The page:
Question: Do I need to worry about becoming a bag lady yet?
Answer: This is the question a friend asked me on Saturday morning at the gym, while we waited for our class to start. Doomsday concerns aren’t uncommon, especially in response to recent market volatility and current political and economic events. Between our warm-up stretches, and cardio, I reminded my friend that there’s a long way between her and a zero, so the likelihood of becoming a bag-lady is quite remote. It’s easy though to understand why people feel emotional and frightened; just turn on the television for confirmation that the end is near.
My friend and I agreed to meet the following week. We’ll discuss her concerns and revisit her financial plan, reminding her of why she owns the investments in her portfolio while assessing the mix between stocks, bonds and cash. Based on her needs and comfort levels we’ll determine together if any adjustments are necessary.
Most people are interested in short-term market predictions, which are difficult to provide with any certainty. Case in point, the U.K. Brexit vote outcome (see the July 22, 2016 Ask the CFP® Practitioner column “Resilience is the Key” for details) was a surprise to many intelligent people. The market fell for two days and then bounced sharply upward, surprising experts yet again. This is one reason why it might be best to avoid discussions about “how will stocks perform before and after the election?” Investors, who typically look for quality in long-term investments (in contrast to traders…) may find it more constructive to focus on financial planning rather than trying to time the market.
In 1979, Business Week ran a cover story titled “The Death of Equities.” The article said, “The old attitude of buying solid stocks as a cornerstone for one’s life savings and retirement has simply disappeared…The death of equities is a near permanent condition.” (Forbes: “6 Doomsday Predictions That Were Dead Wrong About the Market”). Three years later, stocks began an 18-year bull run.
“But it’s different this time, we just reached new highs!” This proclamation is usually heard right before two types of emotional investment behavior. The first type of individual is usually frightened that they may miss out and are willing to abandon their plan to chase what’s “hot.” The second type have decided that a new market high is a good time to cash out and sell everything! One big problem with this approach is knowing when to reenterthe market.
Since the bull market started in 2009, there have been forty-five record highs in 2013, fifty-three in 2014, and ten in 2015 (LPL Research). Just during the month of July this year there were six more highs. By itself, a new high isn’t a reason to sell. This is why regularly reviewing and monitoring your portfolio and making decisions based on your personal investment policy statement is recommended.
When fear is high, some investors become uncomfortable with stocks. This even occurs with garden-variety corrections that “only” push markets down ten percent. If this sounds like you, it may be time to revisit your tolerance for risk and your portfolio breakdown between cash, stocks and bonds. Also, any changes in your personal situation may warrant updates to your financial plan and call for a conversation with your advisor.
A Look Behind The Rally
The upward move in stocks comes at a time of immense uncertainty. Worries about the global economic outlook linger, China is still a concern, and Europe’s slow economic recovery and fragile banking system are problems that won’t soon go away. However, the U.S. has been and remains the nicest house in a bad neighborhood providing a perceived safe-haven for funds. It’s somewhat counterintuitive, yet after Brexit, nervous cash in Europe may actually be seeking safety in the U.S., helping our markets. A cautious Fed has also been a plus for equities simply because low interest rates create less competition for stocks.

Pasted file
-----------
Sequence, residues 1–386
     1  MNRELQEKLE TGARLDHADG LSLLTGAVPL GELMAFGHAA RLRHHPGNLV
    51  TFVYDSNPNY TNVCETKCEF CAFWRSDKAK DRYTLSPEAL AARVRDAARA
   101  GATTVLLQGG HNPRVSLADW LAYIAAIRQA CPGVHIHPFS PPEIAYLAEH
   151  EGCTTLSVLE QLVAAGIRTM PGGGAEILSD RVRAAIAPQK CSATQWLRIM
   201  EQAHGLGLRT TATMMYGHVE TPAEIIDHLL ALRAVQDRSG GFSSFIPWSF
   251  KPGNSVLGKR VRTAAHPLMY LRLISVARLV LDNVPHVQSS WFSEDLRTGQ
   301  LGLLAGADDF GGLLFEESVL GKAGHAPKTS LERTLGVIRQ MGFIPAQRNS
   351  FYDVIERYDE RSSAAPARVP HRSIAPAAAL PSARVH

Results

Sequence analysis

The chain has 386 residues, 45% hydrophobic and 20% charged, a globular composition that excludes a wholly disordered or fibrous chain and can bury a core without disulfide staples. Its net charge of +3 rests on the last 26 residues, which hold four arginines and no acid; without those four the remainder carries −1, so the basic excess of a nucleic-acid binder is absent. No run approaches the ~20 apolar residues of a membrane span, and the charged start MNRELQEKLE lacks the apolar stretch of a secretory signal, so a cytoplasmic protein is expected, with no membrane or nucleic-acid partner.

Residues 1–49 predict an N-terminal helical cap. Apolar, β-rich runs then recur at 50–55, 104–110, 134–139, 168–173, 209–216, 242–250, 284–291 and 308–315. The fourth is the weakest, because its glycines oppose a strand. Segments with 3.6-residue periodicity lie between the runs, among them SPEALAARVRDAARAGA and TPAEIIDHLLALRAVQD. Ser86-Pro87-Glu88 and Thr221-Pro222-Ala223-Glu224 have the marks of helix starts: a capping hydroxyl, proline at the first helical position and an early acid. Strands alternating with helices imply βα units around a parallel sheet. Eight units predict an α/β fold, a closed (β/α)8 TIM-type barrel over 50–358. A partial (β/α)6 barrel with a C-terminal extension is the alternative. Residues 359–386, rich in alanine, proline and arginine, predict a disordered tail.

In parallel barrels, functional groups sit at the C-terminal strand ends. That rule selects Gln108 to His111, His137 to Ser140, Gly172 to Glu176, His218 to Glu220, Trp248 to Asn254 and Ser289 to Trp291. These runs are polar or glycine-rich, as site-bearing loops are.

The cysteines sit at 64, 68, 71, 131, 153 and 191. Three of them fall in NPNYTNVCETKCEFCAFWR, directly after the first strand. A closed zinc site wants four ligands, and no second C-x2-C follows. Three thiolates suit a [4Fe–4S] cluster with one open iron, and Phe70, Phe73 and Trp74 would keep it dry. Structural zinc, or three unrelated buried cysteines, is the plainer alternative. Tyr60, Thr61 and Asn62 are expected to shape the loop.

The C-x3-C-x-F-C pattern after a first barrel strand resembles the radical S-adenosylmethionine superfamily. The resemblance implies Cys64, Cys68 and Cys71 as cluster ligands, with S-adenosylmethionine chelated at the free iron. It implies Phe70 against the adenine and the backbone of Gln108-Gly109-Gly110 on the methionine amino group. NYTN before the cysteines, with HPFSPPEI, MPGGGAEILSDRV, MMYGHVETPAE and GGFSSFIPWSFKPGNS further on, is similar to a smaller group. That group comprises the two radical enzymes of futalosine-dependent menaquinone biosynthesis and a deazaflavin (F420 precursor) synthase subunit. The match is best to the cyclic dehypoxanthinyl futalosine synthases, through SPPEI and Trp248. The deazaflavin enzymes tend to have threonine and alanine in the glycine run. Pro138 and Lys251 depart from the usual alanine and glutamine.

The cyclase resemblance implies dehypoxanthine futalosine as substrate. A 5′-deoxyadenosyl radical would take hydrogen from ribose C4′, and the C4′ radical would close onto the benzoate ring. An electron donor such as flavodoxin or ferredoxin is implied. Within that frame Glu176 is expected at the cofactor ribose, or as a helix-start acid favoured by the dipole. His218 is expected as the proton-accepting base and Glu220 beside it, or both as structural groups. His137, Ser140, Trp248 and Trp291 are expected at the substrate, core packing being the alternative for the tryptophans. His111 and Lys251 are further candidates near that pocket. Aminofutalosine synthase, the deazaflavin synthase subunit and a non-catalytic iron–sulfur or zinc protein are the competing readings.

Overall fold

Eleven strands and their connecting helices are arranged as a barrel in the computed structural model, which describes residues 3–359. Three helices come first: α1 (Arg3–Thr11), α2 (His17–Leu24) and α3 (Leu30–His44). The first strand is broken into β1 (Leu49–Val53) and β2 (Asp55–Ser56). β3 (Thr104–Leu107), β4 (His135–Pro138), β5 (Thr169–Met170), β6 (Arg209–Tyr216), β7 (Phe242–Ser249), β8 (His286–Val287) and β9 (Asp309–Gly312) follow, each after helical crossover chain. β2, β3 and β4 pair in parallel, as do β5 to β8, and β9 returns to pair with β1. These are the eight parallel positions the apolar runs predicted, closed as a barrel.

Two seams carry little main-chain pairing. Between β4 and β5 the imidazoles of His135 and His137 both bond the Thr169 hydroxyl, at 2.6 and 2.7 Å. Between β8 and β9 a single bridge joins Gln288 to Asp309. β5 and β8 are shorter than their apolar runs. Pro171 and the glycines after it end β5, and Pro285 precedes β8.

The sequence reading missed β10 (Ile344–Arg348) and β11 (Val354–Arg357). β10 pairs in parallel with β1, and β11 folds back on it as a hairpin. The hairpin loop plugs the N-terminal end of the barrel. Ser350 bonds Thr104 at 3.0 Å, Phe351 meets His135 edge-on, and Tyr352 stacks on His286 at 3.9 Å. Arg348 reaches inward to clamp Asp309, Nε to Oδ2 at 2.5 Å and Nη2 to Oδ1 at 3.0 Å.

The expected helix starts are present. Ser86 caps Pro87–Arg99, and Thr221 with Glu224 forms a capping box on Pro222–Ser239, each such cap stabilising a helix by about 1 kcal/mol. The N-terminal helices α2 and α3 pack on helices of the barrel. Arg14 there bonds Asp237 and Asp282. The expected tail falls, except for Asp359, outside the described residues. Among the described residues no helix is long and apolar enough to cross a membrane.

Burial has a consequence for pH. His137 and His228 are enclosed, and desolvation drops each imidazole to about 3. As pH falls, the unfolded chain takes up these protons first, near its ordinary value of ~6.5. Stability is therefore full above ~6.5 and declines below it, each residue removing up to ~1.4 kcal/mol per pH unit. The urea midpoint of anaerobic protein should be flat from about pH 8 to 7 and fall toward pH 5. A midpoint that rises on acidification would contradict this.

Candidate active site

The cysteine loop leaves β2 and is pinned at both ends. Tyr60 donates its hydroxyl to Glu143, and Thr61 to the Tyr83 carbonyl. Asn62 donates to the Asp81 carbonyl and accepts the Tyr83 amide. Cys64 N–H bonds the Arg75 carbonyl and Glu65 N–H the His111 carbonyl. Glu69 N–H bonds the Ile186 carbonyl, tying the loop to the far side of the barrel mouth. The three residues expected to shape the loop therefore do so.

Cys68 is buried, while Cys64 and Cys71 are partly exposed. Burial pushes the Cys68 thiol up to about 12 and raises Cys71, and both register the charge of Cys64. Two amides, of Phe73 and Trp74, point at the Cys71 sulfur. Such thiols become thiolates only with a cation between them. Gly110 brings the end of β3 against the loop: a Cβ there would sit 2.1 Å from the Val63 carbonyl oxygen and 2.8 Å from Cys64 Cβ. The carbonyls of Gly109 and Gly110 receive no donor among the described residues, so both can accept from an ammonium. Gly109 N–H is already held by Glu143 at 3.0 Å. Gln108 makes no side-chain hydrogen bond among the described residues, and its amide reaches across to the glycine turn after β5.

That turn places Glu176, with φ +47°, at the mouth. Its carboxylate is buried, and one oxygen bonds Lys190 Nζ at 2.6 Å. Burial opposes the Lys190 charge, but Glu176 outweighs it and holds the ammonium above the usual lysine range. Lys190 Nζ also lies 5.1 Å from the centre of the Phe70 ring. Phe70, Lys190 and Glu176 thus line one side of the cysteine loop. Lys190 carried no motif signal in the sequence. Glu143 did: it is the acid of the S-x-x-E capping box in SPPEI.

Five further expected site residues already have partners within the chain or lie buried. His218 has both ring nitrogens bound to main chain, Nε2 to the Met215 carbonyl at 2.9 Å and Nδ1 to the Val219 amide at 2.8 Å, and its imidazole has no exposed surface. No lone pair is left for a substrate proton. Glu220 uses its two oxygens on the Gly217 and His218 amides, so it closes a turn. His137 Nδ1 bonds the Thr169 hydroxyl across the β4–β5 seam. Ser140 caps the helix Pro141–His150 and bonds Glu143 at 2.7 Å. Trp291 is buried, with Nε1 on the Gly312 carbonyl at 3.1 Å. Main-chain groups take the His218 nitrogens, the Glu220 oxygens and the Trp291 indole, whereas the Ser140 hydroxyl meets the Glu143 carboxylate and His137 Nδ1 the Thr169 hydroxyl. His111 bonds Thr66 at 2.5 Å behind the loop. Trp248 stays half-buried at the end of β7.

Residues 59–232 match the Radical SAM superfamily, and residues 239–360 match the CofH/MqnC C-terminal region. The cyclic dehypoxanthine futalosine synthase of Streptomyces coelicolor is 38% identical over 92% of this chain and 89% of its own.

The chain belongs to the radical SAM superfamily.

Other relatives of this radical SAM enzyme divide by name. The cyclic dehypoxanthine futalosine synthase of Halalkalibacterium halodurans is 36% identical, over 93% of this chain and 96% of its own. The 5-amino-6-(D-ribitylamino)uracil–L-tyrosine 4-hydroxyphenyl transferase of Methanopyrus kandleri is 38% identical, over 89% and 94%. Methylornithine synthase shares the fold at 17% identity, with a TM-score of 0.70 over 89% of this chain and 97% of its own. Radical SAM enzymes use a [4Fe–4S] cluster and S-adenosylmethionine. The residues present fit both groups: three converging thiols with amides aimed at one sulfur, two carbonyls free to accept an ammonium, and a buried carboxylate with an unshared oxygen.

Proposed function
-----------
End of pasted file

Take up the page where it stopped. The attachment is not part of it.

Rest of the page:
What’s a Gal To Do?
Undoubtedly, there is plenty of political and economic uncertainty. We’re climbing the proverbial “wall of worry” as we enter the eighth year of a slow economic recovery (National Bureau of Economic Research). This expansion is no longer young, global uncertainty is high, we’re in an unusual election cycle, and at best, this has been a substandard recovery. Eventually we will enter a recession, which usually leads to a downturn in stocks. No one knows when this could happen but it will. Declines in the major averages are unnerving, yet historically they’ve run their course, often setting the stage for another upward cycle.
To diminish the fear of becoming a bag-lady it is helpful to establish and regularly monitor a personalized financial plan (that you understand). Know what you own and why you own it as you stay focused and plan accordingly.
Information contained in this report was received from sources believed to be reliable, but accuracy is not guaranteed. There is no assurance that any investment strategy will be successful. The opinions expressed are those of the writer, but not necessarily those of Raymond James and Associates, and subject to change at any time. Diversification does not ensure a profit or protect against a loss. All investments are subject to risk. Past performance is not a guarantee of future results.
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This article provided by Darcie Guerin, CFP®, Vice President, Investments & Branch Manager of Raymond James & Associates, Inc. Member New York Stock Exchange/SIPC, 606 Bald Eagle Dr. Suite 401, Marco Island, FL 34145. She may be reached at 239-389-1041, email firstname.lastname@example.org. Website: www.raymondjames.com/Darcie.